Ohio hopes to save Richter scale developer legacy

April 25, 2013 by Lisa Cornwell
This Jan. 25, 1939 file photo shows Dr. Charles Richter, director of the Carnegie Institution's Seismological Laboratory in Pasadena, Calif. A ceremony in honor of Charles Richter Day, where he was born in 1900, is planned this Friday in Butler County, about 25 miles north of Cincinnati. (AP Photo, File)

(AP)—Fans of the Ohio native credited with developing the Richter (RIK'-tur) scale for rating earthquake magnitude don't want his name and legacy forgotten.

They are determined to keep Charles Richter from fading from public memory as other magnitude measurements have been developed and references to the are used less in reports about earthquakes.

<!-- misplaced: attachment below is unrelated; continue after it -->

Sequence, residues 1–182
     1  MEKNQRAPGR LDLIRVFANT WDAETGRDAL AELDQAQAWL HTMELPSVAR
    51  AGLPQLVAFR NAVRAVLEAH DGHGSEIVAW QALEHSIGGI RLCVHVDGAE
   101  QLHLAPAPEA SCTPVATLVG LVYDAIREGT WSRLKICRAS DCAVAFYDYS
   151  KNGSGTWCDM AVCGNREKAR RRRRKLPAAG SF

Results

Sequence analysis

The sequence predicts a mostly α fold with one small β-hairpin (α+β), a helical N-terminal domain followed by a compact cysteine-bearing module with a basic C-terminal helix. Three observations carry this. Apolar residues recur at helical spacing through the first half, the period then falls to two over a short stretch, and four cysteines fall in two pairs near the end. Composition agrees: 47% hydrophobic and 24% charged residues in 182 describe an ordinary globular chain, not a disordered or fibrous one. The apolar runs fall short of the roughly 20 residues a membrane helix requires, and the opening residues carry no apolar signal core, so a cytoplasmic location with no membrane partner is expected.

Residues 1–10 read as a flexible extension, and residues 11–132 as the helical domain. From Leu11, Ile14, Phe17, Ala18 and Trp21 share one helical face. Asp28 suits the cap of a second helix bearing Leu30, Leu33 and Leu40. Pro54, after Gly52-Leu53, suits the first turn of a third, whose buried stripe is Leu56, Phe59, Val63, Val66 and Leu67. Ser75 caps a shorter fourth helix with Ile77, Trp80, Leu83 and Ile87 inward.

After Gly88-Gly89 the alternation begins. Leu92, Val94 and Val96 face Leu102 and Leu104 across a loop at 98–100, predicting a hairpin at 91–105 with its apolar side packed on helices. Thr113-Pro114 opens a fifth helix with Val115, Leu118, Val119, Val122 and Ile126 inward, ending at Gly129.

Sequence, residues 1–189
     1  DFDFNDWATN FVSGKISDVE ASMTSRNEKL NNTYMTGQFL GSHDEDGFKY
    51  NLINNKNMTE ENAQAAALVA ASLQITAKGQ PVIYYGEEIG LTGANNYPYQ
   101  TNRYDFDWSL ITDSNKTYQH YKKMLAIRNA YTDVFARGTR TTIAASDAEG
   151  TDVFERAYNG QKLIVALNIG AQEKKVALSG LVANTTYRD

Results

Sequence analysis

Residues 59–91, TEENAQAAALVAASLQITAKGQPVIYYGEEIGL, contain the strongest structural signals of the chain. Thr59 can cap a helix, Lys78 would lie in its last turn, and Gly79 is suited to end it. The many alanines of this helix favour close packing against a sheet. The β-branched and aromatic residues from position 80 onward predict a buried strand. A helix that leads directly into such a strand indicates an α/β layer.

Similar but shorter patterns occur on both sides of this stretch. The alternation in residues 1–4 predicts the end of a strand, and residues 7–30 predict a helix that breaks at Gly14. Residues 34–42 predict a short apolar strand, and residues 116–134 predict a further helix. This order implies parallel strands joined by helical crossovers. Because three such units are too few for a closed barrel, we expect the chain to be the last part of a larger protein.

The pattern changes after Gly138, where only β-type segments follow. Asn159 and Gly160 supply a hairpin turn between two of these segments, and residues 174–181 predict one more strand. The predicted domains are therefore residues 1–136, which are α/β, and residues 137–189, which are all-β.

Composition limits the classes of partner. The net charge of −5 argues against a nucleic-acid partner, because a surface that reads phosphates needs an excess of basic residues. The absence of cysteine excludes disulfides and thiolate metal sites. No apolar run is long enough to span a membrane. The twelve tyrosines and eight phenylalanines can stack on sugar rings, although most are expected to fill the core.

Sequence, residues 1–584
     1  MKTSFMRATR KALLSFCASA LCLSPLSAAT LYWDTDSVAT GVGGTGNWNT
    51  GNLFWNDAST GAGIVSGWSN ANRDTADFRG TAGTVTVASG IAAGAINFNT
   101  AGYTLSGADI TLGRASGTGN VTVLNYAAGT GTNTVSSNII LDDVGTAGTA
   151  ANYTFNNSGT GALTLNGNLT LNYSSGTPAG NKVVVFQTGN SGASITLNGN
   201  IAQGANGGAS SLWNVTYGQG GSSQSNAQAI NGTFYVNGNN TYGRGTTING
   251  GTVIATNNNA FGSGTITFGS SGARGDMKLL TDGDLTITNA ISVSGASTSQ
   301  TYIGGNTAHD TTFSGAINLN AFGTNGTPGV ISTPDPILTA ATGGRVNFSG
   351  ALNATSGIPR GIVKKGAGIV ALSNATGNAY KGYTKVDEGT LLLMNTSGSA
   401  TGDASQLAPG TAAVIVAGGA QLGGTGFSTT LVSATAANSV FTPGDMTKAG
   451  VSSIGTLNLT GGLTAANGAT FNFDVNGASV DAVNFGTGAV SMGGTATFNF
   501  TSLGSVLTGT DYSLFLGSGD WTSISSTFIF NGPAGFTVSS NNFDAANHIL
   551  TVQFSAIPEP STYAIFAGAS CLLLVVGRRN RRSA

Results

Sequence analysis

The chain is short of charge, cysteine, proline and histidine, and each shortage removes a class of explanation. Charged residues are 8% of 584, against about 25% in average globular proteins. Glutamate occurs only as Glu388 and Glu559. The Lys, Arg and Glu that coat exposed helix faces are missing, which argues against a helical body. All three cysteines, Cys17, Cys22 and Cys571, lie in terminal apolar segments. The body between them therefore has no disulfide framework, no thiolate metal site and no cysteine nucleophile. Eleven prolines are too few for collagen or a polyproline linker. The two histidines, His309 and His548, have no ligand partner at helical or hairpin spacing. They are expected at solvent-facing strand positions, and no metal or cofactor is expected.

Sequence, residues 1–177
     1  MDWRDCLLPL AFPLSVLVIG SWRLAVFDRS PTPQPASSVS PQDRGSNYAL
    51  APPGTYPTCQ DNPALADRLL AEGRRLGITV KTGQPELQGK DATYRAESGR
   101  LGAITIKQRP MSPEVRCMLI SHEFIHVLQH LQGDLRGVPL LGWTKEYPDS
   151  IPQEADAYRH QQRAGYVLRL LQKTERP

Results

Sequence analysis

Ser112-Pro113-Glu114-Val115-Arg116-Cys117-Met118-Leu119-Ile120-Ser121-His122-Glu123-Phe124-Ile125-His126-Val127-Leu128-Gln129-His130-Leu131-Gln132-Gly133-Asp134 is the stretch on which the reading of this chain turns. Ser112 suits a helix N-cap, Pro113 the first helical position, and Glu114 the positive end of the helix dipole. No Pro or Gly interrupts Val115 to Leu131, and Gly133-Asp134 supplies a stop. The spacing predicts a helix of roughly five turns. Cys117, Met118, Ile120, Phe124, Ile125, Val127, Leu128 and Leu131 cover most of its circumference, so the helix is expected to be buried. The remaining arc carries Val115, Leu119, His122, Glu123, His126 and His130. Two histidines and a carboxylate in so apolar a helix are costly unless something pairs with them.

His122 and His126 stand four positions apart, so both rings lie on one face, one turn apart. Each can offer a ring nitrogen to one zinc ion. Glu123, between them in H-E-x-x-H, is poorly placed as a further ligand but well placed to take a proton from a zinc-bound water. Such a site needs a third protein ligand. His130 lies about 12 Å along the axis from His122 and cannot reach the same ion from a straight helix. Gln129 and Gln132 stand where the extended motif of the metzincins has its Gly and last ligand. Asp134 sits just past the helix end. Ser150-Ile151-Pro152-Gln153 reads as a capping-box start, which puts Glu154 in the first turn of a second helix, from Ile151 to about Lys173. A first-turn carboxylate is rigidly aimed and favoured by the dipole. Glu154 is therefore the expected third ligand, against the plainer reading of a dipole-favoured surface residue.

In this 1963 file photo, American seismologist Charles Francis Richter, who developed the first widely used seismic magnitude scale in 1935, studies earthquake tremors in his laboratory in Pasadena, Ca., in 1963. A ceremony in honor of Charles Richter Day, where he was born in 1900, is planned this Friday in Butler County, about 25 miles north of Cincinnati. (AP Photo, File)

A group of historians and Richter supporters has joined with local officials to establish an annual celebration of his life near the southwest Ohio site where Richter was born April 26, 1900. This year's Charles F. Richter Day ceremony on his birthday will be held Friday in Butler County, about 25 miles north of Cincinnati.

Richter, working with other scientists, is credited with developing the method for rating magnitude by measuring the produced.

Explore further: Explained: Measuring earthquakes


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